Wellington Arch known as Constitution Arch or as the Green Park Arch, is a Grade I-listed triumphal arch by Decimus Burton that forms a centrepiece of Hyde Park Corner in central London, between corners of Hyde Park and Green Park. From its construction in 1826 until 1830 the arch stood in a different location nearby, it supported a colossal equestrian statue of the 1st Duke of Wellington by the sculptor Matthew Cotes Wyatt, as a result of which it has acquired the name "the Wellington Arch" in the vernacular. A bronze quadriga by Adrian Jones has surmounted it since 1912. Both the Wellington Arch and Marble Arch were planned in 1825 by George IV to commemorate Britain's victories in the Napoleonic Wars. During the second half of the 1820s, the Commissioners of Woods and Forests and the King resolved that Hyde Park, the area around it, should be renovated to match the splendour of rival European capital cities, that the essence of the new arrangement would be a triumphal approach to the completed Buckingham Palace.
The committee of the project, led by the Prime Minister, Lord Liverpool, advised by Charles Arbuthnot, President of the Board of Commissioners of Woods and Forests, selected Decimus Burton as the project's architect. In 1828, when giving evidence to a Parliamentary Select Committee on the Government's spending on public works, Arbuthnot explained that he had nominated Burton "having seen in the Regent's Park, elsewhere, works which pleased my eye, from their architectural beauty and correctness". Burton intended to create an urban space dedicated to the celebration of the House of Hanover, national pride, the nation's heroes; the renovation of Hyde Park, Green Park, St James's Park began in 1825, with the demarcation of new drives and pathways, subsequent to which Burton designed new lodges and gates, viz. Cumberland Gate, Stanhope Gate, Grosvenor Gate, the Hyde Park Gate/Screen at Hyde Park Corner, the Prince of Wales's Gate, Knightsbridge, in the classical style. There were no authoritative precedents for such buildings, which required windows and chimney stacks, in the classical style, and, in the words of Guy Williams, "Burton's reticent treatment of the supernumerary features" and of the cast iron gates and railings was "greatly admired".
At Hyde Park Corner, the King required "some great ceremonial outwork that would be worthy of the new palace that lay to its rear", accepted Burton's consequent proposal for a sequence comprising a gateway and a classical screen, a triumphal arch, which would enable those approaching Buckingham Palace from the north to ride or drive first through the screen and through the arch, before turning left to descend Constitution Hill and enter the forecourt of Buckingham Palace through Nash's Marble Arch. The screen became the neoclassical Hyde Park Gate/Screen at Hyde Park Corner, which delighted the King and his Committee, which the architectural historian Guy Williams describes as "one of the most pleasing architectural works that have survived from the neo-classical age"; the triumphal arch became the Wellington Arch at Constitution Hill into Green Park, described as "one of London's best loved landmarks". Burton's original design for the triumphal arch, modelled on the Arch of Titus at Rome, on which the central and side blocks of the Screen had been modelled, was more technically perfect, coherent with the Screen, than that of the arch, subsequently built: this original design, was rejected by the Committee – who had envisaged a design based on the Arch of Constantine, on which Nash's Marble Arch had been modelled – because it was not sufficiently ostentatious.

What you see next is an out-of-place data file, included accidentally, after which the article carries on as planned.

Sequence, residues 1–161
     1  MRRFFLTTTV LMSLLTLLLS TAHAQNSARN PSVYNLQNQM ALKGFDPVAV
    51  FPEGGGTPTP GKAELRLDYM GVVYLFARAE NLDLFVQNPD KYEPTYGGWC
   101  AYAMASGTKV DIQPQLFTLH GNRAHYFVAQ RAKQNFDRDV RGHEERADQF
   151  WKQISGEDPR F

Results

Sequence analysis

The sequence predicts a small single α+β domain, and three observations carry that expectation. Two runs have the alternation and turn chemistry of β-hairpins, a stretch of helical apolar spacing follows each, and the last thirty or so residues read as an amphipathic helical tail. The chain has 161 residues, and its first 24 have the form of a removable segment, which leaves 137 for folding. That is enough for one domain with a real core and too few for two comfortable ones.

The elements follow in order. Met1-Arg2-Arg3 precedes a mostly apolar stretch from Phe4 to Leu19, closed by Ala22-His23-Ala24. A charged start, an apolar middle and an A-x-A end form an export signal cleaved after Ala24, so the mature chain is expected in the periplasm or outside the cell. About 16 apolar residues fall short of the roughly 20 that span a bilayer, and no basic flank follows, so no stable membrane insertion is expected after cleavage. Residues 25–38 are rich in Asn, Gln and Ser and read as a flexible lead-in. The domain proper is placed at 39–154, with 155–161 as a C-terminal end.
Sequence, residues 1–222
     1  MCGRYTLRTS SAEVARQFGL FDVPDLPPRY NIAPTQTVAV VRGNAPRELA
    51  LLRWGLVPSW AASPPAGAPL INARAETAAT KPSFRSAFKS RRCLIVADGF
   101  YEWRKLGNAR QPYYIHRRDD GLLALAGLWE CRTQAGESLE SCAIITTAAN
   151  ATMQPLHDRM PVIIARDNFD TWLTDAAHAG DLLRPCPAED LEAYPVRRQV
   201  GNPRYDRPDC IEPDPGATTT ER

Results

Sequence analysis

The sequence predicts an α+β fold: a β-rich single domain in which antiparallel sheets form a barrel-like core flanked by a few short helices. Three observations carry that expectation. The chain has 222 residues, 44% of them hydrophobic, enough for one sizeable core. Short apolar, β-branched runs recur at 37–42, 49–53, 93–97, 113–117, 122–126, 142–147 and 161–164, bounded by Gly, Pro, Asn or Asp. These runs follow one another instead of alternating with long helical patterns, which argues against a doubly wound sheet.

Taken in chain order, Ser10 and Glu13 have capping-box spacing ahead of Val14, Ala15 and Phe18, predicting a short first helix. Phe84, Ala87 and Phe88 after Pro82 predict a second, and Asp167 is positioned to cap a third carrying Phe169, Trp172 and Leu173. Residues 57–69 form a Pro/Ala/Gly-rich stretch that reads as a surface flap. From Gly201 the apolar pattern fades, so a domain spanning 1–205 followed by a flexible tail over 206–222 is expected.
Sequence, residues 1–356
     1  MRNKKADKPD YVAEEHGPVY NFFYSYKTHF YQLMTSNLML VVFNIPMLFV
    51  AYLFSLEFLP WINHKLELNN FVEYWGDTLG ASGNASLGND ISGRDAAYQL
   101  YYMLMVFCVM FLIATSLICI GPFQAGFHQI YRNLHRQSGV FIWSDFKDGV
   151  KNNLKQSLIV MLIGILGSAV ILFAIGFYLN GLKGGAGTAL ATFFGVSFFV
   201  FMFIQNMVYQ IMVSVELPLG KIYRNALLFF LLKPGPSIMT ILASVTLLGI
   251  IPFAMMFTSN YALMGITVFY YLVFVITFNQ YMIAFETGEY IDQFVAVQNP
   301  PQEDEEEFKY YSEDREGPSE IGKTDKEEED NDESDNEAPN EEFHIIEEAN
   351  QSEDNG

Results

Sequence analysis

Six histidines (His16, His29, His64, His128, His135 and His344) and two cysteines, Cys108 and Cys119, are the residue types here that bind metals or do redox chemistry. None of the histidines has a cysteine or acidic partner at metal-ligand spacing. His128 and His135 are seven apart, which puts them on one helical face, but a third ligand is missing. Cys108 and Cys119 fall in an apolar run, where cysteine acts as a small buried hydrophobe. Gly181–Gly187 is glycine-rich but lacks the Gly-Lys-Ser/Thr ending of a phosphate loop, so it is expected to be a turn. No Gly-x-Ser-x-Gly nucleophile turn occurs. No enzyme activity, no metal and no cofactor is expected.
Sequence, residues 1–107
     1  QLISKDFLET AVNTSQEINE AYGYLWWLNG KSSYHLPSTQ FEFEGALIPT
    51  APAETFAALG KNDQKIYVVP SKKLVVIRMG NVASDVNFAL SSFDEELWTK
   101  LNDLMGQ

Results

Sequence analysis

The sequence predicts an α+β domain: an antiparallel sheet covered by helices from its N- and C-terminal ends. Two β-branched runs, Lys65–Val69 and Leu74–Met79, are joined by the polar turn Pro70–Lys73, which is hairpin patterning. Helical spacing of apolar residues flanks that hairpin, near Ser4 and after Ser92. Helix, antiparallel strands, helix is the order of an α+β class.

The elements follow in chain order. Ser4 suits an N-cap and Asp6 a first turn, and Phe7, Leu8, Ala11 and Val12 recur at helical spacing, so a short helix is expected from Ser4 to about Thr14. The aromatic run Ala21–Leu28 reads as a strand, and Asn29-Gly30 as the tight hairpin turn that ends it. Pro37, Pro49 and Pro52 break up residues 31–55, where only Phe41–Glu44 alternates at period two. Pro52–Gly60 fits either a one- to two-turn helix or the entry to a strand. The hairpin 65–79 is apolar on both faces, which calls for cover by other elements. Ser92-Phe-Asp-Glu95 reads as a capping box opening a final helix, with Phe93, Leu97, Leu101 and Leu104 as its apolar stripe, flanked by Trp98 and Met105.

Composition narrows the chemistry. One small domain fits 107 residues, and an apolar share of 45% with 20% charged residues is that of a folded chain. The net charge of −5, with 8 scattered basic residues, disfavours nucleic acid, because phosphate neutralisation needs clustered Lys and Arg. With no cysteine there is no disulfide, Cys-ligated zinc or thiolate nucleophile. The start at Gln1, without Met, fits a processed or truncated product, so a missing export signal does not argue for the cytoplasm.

Burton created a new design, "to pander to the majestic ego", much larger and modelled on a fragment found in the Roman Forum, accepted on 14 January 1826, subsequently built as the present Wellington Arch. The arch has a single opening, uses the Corinthian order. Much of the intended exterior ornamentation was omitted as a cost-saving exercise necessitated by the King's overspending on the refurbishment of Buckingham Palace, underway at the same time. A contemporary account, written in anticipation of its completion to its original plan, describes what was intended:The entabulature is loft and elegant with a richly sculptured frieze, a row of boldly projecting lions' heads on the cymatium, marking the centres of columns and other sub-divisions of the order. Above the entablature, on a lofty blocking course, is raised an attic, the body of, embellished with a sculptural representation of an ancient triumph. On each of the columns is a statue of a warrior, on the summit of the acroterium which surmounts the attic is a figure in a quadriga or ancient four horse chariot.
The arch at Constitution Hill was left devoid of decorative sculpture as a result of the moratorium in 1828 on public building work, instead, despite the absolute objection of Burton, was mounted with an ungainly equestrian statue of the Duke of Wellington by Matthew Cotes Wyatt, the son of the recently deceased James Wyatt, selected by statue's commissioner, one of its few subsequent advocates, Sir Frederick Trench. The bronze by Matthew Cotes Wyatt, which crowned the arch, was, at 40 tons and 28 feet high, the largest equestrian figure made. Matthew Cotes Wyatt was not competent: Guy Williams contends that he were "not noticeably talented", the Dictionary of National Biography that "thanks to royal and other influential patronage, Wyatt enjoyed a reputati